Web Series Vs Ad Blocker


As regular readers know, I am a fan of web series as a format. The medium presents a huge potential of creativity and it is changing how we interact with media.  One of the major factors fueling the web series’ advancement is its ability to monetize. This area is also where web series are feeling the most pain.  Being able to make a profit on the content is vital if it is to continue to grow.

Put bluntly, the most efficient method of monetizing any online media content is advertising. Now I know that there are going to be people that say that paid subscriptions or buying clips is more profitable. This may be true in some circumstances, but these options also limit a series to only the people who have the income to pay. On the other hand, advertising costs the consumer nothing but time.  But a lot of people out there find that even too high a price to pay.

Before we get into that, let’s go over some details. For a web series, advertising money usually comes in the form of a profit-sharing agreement with the video hosting site, although not every video host does this. For example, Youtube does have ad revenue sharing, but only with select partners; most people do not get this. On the other hand, Blip has ad revenue sharing with all their content creators. In an ad sharing deal, the norm is a 50/50 split of the profits, calculated on what is known as a CPM or Clicks per Mille formula, where mille equals 1000. A rate is set for every thousand views of an ad. If the CPM for an ad is $5.00, if you get 5,000 views, you make $25.00. Ad rates are not consistent, so profits can fluctuate even if views don’t. In this model, it is possible to be profitable and even make enough to make a living at it, but you need to have a high viewer rate. You also have to get your ads seen. The CPM is calculated on ad views, not video views. If the ad does not play, it is not added to the CPM calculation.

This is where programs like Ad Blocker enter the equation. There are a lot of reasons people will block ads. There could be an issue where certain types of ads cause the viewer’s system to crash. Some people claim they have gotten malware from ads. But most of the time, the reason people block ads is that they find them annoying.

Here is where we get into the thick of it. As the series producers only get paid for ads shown, when viewers use Ad Blocker, it cuts into the web series’ ability to produce a profit. This is a fact that has been debated back and forth, for as long as there have been web series and both sides have become pretty entrenched. Sites have tried to find ways to deal with this and recently, Blip launched a new salvo that has brought the issue forward again.  Blip recently made a change to their site so that when they detect an ad blocker is being used this image comes up.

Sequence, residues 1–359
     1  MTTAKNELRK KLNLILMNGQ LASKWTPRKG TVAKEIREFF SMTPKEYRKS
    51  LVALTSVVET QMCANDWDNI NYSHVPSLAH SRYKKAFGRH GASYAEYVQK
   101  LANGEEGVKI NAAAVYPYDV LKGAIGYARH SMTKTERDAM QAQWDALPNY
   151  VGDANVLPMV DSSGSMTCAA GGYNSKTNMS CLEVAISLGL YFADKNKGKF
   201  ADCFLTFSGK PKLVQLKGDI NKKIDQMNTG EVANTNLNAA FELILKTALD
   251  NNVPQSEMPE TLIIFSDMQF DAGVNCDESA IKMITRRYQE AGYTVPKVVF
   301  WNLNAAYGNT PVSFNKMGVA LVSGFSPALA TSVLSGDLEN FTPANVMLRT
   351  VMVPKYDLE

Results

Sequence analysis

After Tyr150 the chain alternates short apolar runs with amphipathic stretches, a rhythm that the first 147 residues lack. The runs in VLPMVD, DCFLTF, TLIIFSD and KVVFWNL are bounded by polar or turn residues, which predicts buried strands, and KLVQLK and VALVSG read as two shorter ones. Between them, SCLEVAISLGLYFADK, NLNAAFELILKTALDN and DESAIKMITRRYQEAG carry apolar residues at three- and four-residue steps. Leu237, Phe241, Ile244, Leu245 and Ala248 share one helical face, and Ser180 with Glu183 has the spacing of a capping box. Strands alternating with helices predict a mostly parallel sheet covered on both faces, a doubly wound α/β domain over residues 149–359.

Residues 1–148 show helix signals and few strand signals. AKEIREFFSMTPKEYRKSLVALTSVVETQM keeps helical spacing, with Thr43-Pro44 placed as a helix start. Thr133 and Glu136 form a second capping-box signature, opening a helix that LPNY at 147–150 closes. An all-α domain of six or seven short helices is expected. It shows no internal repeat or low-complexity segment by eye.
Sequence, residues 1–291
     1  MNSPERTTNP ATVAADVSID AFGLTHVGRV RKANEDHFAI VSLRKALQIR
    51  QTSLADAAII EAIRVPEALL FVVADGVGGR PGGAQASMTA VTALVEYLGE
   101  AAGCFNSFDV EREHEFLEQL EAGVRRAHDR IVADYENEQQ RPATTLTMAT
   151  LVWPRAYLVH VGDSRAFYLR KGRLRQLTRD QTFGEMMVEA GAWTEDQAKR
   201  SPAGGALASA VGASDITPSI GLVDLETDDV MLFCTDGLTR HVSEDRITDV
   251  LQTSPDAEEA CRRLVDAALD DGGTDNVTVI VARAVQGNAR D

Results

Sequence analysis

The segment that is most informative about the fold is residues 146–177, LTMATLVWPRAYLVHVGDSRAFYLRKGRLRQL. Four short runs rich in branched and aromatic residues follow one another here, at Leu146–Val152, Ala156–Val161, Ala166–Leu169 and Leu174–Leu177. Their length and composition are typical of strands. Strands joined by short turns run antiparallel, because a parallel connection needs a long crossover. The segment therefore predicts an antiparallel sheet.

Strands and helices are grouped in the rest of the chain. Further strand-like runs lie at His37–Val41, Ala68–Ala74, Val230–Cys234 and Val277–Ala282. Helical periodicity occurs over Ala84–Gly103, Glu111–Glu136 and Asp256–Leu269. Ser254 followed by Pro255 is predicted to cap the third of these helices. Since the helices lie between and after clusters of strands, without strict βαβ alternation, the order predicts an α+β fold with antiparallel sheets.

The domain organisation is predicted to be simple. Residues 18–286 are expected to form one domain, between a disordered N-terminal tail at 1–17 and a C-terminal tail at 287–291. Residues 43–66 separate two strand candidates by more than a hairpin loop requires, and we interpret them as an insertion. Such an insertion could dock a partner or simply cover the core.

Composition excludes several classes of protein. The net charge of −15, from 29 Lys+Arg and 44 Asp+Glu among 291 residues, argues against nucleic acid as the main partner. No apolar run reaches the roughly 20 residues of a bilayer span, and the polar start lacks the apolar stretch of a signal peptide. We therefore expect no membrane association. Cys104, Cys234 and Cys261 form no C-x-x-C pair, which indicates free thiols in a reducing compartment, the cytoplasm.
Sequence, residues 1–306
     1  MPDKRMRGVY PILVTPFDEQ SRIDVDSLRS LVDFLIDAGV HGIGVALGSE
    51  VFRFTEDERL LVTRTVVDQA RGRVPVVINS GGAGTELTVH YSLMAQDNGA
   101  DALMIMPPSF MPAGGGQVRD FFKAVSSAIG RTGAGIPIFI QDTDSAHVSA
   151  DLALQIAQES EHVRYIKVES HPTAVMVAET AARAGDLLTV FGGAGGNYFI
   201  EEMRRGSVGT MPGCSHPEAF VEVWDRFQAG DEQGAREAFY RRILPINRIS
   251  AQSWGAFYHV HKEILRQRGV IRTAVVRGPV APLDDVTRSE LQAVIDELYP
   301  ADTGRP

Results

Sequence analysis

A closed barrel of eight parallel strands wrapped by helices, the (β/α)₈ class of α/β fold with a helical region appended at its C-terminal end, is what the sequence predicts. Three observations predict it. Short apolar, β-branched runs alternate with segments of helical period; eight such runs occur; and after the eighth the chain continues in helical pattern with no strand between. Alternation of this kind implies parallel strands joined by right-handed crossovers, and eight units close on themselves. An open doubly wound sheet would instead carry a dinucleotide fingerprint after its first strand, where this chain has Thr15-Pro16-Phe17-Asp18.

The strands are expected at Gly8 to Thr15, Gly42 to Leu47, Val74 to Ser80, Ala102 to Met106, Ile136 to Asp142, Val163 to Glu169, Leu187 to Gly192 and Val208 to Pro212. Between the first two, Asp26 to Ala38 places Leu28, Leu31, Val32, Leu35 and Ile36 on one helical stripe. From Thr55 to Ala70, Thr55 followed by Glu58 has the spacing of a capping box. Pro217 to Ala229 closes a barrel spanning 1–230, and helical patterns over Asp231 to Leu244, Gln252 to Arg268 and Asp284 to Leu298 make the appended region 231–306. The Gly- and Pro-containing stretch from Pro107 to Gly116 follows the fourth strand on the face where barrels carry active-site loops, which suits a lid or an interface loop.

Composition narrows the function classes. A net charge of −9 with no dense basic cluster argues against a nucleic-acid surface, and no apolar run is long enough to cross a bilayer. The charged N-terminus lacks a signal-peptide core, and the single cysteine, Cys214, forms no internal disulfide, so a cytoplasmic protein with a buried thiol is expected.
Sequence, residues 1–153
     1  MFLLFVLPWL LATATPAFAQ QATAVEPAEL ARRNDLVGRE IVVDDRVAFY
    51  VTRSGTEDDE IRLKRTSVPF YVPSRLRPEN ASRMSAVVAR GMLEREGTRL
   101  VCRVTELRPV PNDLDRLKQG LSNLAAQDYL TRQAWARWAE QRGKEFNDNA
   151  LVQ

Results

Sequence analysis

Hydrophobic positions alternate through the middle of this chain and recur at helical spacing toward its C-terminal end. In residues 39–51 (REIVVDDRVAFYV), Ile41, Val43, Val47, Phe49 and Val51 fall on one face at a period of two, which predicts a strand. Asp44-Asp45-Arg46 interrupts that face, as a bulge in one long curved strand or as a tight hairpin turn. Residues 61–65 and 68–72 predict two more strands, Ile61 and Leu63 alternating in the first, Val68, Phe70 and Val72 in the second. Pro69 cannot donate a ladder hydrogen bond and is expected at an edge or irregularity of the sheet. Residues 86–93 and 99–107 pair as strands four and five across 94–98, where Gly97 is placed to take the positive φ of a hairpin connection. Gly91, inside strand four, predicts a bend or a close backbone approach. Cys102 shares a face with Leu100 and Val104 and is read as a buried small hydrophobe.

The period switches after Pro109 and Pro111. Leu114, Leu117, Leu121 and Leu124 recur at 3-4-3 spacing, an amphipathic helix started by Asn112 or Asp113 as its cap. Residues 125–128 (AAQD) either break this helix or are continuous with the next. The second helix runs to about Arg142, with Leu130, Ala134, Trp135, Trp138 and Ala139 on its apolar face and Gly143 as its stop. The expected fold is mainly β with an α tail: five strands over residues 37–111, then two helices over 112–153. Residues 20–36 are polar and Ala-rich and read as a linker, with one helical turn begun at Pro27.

As stated, it makes the viewer wait 90 seconds for the video to start playing. This is hardly a new nor is it the most extreme tactic; other sites blocks that completely bar access to anyone who is using ad blocking software. Of course this raises hackles – several people equate it to bullying – and that community is already working on workarounds.  But more importantly, this has brought to the fore the fact that Ad Blocker cuts into the producers profit. Many viewers in forums have stated that they were not aware of this fact.

Lewis Lovhaug (aka Linkara) produces the comic book review show Atop the Fourth Wall as part of the online review and comedy site That Guy with the Glasses. Linkara is one of the rare producers who is able to make a living by making a web series due to his large viewer base.  He recently added to the advertising debate with a video wherein he explains how ad profits work and why Ad Blocker is a problem for producers like himself.  He states that he does understand if people need to use Ad Blocker for legitimate technical reasons, but otherwise, if they don’t, to consider not using the software for his show, as it is how he makes his living.

This video set off a debate on the TGWTG forums. Several viewers were unaware of the impact Ad Blocker has on the producers and have set their Ad Blockers to allow advertising from Blip (a process called whitelisting.) Others took offense at the video, saying that they don’t owe Linkara anything, that it’s their right to use Ad Blocker and that it’s his tough luck.

So where does that leave us?

For me, it is a question of what we want to see happen. Web series have an amazing potential, especially as film-making and distributing technology improve and become more available to consumers. This could have a huge impact as people can make creative programing that no one in Hollywood would ever green-light. However, in order for that to happen, it has to be profitable. Otherwise, no one is going to be able to make it in any sustainable fashion, much less grow the medium.